For some women going through IVF, the choice of having PGS performed on their embryos is a no-brainer. If they’ve got a few embryos, they might test them all to help pick the one with the best chance at becoming a pregnancy. However, the classic Hamletian dilemma, ‘to PGS or not to PGS’, is not a simple choice for those who receive news that only one of their embryos has made it to the testing stage. After investing time, money, and hope into an IVF cycle, a single surviving embryo can be a huge let-down, which makes some patients question the need to have their embryo tested with PGS. After all, it either takes or it doesn’t, right?
For those new to the terminology, PGS is a genetic test that takes place before embryo transfer, designed to tell you if each embryo is chromosomally healthy. An embryo that is euploid (normal) has 23 pairs of chromosomes and has a better chance at leading to a successful live-birth than an abnormal (aneuploid) embryo. Aneuploid embryos have missing or extra chromosomes and will typically fail to implant, result in a miscarriage, or lead to the birth of a child with a chromosomal disease. Though women with several embryos may use PGS testing to pick the embryo with the best chance at making a baby, for those with only a single embryo available, it’s pretty clear which one you’ll choose. So, is it worth it to test if you only have one embryo? Depending on your specific situation, there are different factors to consider, and we’ve put together a few of them for you here. Every person and every journey is different, and we encourage you to do your research, consult your medical team, and make the decision that is right for YOU.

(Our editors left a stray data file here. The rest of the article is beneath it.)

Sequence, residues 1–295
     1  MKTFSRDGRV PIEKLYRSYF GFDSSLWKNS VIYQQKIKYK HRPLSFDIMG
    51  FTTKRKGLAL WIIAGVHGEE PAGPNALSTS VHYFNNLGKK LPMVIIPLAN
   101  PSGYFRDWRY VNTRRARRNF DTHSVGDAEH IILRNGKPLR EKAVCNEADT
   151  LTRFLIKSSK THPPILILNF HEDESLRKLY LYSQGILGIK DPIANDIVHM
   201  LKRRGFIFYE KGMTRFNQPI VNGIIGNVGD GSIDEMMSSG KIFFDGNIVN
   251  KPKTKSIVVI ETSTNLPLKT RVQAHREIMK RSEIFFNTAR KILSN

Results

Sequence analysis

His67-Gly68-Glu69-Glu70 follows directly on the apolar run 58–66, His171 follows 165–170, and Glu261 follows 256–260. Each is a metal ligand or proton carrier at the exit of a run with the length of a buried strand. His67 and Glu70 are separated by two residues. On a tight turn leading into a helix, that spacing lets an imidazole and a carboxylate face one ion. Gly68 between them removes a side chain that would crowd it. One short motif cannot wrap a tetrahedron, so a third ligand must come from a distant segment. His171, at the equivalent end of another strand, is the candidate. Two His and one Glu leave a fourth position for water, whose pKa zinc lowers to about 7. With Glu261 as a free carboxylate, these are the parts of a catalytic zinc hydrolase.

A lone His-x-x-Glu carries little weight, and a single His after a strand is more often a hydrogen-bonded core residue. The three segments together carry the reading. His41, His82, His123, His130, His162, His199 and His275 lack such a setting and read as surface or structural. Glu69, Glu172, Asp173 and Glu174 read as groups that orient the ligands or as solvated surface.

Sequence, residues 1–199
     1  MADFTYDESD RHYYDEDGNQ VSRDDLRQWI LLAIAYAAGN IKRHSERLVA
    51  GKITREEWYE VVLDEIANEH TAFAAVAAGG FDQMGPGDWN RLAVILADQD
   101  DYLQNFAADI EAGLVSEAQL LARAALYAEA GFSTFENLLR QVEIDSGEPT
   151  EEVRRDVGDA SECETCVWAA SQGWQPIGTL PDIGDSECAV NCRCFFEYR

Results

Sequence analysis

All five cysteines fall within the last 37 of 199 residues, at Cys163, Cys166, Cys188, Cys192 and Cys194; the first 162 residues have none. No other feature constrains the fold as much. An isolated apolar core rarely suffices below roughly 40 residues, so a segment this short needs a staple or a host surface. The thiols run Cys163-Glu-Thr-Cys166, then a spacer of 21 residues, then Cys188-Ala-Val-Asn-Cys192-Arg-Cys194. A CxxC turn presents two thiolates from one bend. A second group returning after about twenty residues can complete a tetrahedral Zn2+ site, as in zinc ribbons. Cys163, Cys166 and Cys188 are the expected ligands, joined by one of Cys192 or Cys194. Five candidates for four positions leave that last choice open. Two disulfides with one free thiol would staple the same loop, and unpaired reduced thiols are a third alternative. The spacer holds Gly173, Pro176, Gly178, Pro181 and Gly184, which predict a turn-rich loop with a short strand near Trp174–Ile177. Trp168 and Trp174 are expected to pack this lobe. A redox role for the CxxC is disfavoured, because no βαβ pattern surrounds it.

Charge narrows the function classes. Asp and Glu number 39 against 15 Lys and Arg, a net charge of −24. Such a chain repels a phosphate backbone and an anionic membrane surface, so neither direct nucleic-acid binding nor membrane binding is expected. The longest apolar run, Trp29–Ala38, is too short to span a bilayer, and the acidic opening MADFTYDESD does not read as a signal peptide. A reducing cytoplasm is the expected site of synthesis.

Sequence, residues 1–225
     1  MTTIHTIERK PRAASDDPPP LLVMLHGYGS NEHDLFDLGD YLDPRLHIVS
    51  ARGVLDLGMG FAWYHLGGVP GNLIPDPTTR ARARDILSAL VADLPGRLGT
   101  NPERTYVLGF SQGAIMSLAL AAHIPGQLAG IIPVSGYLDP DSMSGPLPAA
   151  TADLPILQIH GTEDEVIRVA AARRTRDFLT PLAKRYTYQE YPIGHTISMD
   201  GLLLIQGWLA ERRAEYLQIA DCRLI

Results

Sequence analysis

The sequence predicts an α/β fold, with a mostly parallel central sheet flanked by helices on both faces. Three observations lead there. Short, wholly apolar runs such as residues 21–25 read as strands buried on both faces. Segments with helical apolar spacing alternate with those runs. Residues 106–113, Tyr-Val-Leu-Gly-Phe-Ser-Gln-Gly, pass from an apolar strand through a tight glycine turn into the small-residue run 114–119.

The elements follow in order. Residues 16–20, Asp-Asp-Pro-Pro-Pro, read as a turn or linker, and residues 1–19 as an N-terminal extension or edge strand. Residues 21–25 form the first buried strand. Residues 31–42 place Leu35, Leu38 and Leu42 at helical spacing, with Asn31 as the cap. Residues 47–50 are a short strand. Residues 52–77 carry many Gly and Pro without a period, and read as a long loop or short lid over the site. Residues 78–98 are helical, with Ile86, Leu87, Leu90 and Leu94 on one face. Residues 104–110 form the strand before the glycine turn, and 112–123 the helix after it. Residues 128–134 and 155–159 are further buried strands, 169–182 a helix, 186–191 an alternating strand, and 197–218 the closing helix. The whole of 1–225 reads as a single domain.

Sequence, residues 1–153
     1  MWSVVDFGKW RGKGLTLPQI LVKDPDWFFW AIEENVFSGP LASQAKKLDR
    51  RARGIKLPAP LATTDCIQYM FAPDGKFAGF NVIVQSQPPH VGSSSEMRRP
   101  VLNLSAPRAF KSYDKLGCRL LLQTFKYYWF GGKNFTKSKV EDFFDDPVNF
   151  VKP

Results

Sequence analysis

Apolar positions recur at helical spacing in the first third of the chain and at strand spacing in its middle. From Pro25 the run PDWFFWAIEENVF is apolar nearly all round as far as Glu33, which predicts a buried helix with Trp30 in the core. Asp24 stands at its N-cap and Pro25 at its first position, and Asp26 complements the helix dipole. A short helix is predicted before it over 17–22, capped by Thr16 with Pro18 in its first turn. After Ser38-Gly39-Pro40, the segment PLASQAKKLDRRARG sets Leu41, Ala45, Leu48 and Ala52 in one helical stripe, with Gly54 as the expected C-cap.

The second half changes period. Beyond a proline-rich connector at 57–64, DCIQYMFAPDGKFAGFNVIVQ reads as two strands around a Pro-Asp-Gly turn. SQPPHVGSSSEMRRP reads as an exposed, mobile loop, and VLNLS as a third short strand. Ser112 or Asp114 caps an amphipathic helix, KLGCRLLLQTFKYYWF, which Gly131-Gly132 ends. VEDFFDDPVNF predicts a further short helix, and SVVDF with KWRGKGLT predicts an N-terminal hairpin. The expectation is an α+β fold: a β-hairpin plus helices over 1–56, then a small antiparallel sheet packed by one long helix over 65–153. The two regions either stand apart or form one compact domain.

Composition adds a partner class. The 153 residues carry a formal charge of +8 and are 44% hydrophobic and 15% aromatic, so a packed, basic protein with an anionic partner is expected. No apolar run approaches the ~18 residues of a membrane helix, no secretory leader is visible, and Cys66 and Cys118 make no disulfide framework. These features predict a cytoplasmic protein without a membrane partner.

Your Fertility and Pregnancy History
A journey through IVF is one that is remarkably filled with ups and downs, and every journey is unique. Along with the really high highs (like going through only one cycle and maybe getting pregnant right away), there are some extremely low lows as well. Maybe you’ve lost eggs that never formed embryos, had embryos that never made it to transfer, transferred an embryo that didn’t implant, or possibly (and heartbreakingly) endured the loss of a pregnancy. These losses can leave a lasting impact, and depending on your personal comfort level with the possibility of loss, you may or may not be more open to leaving things up to chance. Because PGS tells you about your embryo’s chromosomal health, an aneuploid result would mean that the embryo either would not implant or would result in a miscarriage. If you’ve already experienced significant loss, the potential emotional cost of another failed transfer or miscarriage may mean that, to you, PGS is worth the extra step. True, you might find out the worst about your embryo, but finding this out before transfer could save you from yet another draining cycle of hope and loss.
To be completely candid, we all know that IVF is costly. When thinking about whether or not to do PGS, the price tag might be the first thing that comes to mind, and with only one embryo, it may seem like an expensive add-on to an already hefty IVF bill… but the cost factor may not be quite that simple.